Amelia, Experimental Psychology 

'Studying here has been eye-opening, and I’ve had opportunities for personal and academic growth I couldn’t have dreamed of before. If you’re thinking of applying but worried your earlier achievements are unflattering, don’t rule yourself out – they’re looking for evidence of potential not a finished product.'

Laura, English Language and Literature 

'Before I returned to the world of academia I had several careers: accountant, police officer and interior designer! My first degree was in Business Studies at the age of 18. Since then I had hungered to study English Literature and at 38 found myself in the position to go for it. I was scared, having not studied for 17 years, but knew I had to have a go. I feel immensely privileged to be in beautiful surroundings studying a subject I love. All the staff here are so supportive both academically and personally, so what seems terrifying at first is soon made familiar. My only regret is that I didn’t come sooner!'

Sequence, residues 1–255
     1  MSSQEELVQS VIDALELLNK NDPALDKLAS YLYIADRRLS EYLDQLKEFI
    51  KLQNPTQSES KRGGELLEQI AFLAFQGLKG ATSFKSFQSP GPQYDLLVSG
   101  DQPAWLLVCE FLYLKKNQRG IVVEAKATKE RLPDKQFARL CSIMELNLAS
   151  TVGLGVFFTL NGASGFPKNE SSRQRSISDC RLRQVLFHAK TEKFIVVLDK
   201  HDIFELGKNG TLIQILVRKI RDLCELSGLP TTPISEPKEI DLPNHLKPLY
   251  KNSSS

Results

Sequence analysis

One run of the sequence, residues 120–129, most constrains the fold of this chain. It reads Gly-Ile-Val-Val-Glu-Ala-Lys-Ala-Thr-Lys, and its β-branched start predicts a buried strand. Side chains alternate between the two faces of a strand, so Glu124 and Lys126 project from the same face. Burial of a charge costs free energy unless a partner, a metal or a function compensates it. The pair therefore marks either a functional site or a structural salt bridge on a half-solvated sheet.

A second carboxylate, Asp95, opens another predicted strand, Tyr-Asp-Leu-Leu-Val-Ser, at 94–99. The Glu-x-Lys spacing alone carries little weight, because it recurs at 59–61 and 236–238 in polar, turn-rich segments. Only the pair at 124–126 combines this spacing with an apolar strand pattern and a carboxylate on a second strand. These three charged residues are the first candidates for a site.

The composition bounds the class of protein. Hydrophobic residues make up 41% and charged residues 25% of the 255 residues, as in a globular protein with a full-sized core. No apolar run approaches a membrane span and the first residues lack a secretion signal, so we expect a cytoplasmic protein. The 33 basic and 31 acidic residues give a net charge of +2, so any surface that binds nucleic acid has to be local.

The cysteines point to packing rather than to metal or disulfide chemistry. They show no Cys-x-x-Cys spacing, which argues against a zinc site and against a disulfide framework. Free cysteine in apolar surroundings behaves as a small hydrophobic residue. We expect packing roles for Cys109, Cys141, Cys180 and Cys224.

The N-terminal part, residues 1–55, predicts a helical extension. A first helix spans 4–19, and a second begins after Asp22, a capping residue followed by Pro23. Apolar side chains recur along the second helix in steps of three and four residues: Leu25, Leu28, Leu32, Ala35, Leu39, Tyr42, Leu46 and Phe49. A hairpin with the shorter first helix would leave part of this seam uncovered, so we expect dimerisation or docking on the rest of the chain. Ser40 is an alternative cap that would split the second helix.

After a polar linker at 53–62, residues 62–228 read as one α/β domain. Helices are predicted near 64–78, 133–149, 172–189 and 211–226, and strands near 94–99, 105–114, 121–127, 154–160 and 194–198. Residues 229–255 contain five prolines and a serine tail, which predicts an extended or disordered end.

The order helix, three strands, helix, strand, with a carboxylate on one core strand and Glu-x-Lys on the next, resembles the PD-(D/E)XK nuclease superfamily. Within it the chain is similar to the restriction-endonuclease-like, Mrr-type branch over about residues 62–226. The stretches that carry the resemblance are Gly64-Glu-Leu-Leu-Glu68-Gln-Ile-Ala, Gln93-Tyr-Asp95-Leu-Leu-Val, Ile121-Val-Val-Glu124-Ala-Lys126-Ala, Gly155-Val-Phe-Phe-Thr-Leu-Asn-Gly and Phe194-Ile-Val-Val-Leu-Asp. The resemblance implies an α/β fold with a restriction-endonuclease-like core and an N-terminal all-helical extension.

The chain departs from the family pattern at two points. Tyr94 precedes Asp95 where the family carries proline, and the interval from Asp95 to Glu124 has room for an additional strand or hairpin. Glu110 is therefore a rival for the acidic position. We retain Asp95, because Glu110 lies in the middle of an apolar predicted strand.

Most Popular Questions

Would insufficient grades from school prevent me from applying?

We do understand that people often develop their academic interests and skills later in life. Having lower grades from school will not prevent you from making a successful application, as long as you are able to demonstrate recent academic achievement and exceptional academic ability. 

Where can I sit an admissions test?

Arranging to sit an admissions test can be a little trickier for mature applicants, so do make sure you give this your earliest attention. For most tests, you can either register at one of the many open test centres around the world, or ask your current place of study to become a centre where you can sit the test.

Visit our individual test pages for more information on how to register.